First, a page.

• Raymond ChenMicrosoft employee Author 0

      C++ is not an ABI, however. Different compilers decorate differently. The overloads would have to be inline functions, but that creates function identity problems.

      • Me Gusta 0

        If I remember correctly, changing LPARAM and overloading that wouldn’t really fix the problem anyway because the window expecting ANSI/UNICODE is a property of the HWND. For example, if you register the class using RegisterClass(Ex)A and then use W functions after that, you would still have problems.

  • Harold H 0

    The ANSI version of a function is called “FunctionNameA”. Why is the Unicode version of a function called “FunctionNameW” and not “FunctionNameU” ?

    • MNGoldenEagle 0

      The A/W dichotomy existed back in Windows 3.1, with the W functions being failing stubs (for most regions). Given that Windows 3.1 predated Unicode’s existence as a standard, that’s probably part of the reason why. Microsoft knew they wanted “wide character” support, but what charset they were going to use wasn’t defined yet, and wouldn’t be until the release of Windows NT which used UCS-2.

    • Me Gusta · Edited 0

      Having a bit of a prod around the Windows NT SDK (yes, the SDK for the original version of Windows NT), UCHAR is defined as a typedef for unsigned char. So it may have been a bit iffy to use U in that case.
      But IIRC, this kind of naming came from the fact that characters that were made up of single byte units like ASCII (ISO 646), ISO 2022, ISO 8859 and the like were (maybe retroactively) seen as narrow characters, and characters that are made up of two or more bytes are seen as wide characters.
      Now, while it was officially added to the C standard library in 1995, the wchar_t type was being informally used for quite a while. Again that Windows NT SDK from 1992 had the wchar.h and wctype.h headers. Since this is actually getting into the region where I am too young to remember anything more than this, I would guess that wchar_t was informally added prior to NT and it was just repurposed for UCS-2 since it was convenient.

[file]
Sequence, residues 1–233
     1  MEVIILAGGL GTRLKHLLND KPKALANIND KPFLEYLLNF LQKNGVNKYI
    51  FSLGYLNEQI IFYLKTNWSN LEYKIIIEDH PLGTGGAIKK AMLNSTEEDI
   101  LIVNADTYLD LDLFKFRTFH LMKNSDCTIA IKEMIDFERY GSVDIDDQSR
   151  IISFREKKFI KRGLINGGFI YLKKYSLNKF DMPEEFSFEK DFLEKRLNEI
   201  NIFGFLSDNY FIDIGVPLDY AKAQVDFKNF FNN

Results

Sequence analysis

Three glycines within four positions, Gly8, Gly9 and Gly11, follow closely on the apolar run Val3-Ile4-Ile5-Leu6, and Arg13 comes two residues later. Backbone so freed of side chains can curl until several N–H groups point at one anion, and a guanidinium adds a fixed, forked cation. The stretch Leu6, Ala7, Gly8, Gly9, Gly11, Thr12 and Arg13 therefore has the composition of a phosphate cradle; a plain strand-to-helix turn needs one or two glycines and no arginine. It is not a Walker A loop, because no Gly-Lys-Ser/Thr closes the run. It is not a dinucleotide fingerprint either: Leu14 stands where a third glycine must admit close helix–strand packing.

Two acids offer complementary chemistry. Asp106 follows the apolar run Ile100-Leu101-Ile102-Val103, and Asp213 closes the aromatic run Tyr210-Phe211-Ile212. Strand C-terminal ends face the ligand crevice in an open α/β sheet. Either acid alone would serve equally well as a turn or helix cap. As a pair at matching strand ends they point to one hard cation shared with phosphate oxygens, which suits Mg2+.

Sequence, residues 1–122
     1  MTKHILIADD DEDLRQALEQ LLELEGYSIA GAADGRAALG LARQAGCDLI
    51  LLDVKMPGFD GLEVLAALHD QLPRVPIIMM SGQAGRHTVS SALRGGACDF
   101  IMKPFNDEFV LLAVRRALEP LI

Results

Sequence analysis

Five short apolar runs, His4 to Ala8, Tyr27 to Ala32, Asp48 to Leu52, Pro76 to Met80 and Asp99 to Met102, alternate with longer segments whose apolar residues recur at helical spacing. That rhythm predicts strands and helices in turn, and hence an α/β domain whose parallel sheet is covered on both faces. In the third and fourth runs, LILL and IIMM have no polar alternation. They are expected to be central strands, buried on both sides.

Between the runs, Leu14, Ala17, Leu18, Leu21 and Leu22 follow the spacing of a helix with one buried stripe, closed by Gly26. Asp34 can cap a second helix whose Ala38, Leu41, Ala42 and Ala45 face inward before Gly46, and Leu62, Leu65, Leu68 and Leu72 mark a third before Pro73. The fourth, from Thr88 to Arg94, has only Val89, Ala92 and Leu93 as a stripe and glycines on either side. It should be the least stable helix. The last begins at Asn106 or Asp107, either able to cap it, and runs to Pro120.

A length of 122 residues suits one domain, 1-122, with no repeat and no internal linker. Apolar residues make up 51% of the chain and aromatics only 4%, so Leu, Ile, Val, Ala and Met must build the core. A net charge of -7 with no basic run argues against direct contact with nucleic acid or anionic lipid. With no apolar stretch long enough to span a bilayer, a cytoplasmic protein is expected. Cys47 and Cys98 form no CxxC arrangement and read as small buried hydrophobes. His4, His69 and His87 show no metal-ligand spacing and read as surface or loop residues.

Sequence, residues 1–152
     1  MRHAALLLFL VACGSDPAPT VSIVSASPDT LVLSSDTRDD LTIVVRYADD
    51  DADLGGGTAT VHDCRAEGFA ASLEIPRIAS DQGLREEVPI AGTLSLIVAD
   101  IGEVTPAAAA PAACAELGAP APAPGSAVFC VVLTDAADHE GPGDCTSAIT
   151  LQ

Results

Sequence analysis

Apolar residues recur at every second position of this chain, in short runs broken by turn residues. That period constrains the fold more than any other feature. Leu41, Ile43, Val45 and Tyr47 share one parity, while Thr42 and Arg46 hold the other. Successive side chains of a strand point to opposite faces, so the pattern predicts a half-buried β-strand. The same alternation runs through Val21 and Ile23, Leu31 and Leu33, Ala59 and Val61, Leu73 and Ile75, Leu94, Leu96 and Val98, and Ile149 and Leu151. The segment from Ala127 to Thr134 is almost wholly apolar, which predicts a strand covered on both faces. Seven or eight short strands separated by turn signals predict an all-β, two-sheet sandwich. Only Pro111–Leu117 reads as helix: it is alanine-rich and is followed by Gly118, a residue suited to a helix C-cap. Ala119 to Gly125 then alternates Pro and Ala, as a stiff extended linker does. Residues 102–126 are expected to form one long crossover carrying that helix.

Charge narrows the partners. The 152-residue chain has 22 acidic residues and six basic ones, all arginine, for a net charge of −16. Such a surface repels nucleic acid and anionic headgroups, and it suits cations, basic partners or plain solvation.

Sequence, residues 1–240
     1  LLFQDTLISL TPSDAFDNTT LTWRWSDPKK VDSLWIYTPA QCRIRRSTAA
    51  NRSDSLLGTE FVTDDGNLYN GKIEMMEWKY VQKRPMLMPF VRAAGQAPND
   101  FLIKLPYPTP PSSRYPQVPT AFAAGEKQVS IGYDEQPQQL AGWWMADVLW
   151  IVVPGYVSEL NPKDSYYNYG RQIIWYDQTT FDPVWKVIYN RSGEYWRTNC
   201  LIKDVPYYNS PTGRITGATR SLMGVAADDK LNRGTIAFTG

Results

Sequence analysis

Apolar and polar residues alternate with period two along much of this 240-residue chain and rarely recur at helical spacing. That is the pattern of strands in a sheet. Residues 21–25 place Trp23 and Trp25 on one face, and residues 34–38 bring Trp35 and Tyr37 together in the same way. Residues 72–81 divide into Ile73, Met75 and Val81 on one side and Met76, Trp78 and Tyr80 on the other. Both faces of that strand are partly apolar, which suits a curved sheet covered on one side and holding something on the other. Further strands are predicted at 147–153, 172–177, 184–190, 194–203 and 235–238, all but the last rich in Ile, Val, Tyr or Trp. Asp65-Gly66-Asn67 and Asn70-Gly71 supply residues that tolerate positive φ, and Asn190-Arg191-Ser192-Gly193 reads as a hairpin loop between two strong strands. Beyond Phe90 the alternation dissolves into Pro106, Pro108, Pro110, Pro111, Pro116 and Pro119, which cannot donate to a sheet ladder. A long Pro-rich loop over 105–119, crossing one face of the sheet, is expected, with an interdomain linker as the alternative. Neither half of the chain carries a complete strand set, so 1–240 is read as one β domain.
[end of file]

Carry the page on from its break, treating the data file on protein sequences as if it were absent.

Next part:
But I would have to do a bit more digging to see, and that would finding and downloading the Microsoft C compiler from the late 80s to see how things were.

    • Michael Taylor 0

      Yes the `W` stands for wide since the character set is known as the `wide character` and hence Windows uses `WCHAR` as the type. Why didn’t they use `U` and `UCHAR` then? Couple of possibilities.

      1) While most people think of Unicode as 16-bits it is in fact either 8 or 16-bits depending upon whether you’re using UTF-8 or UTF-16. `WCHAR` is for UTF-16, hence wide. A `FuncU` function could potentially be called with either a UTF-8 or UTF-16 string if it meant “Unicode string”.
      2) `unsigned char` is a valid type in C/C++. `UCHAR` might be misinterpreted as unsigned char.

      • Solomon Ucko 0

        Or 32 bits per code unit for UTF-32.

    • Solomon Ucko 0

      I’m pretty sure it stands for “wide” or “wchar” but I’m not sure why the inconsistency.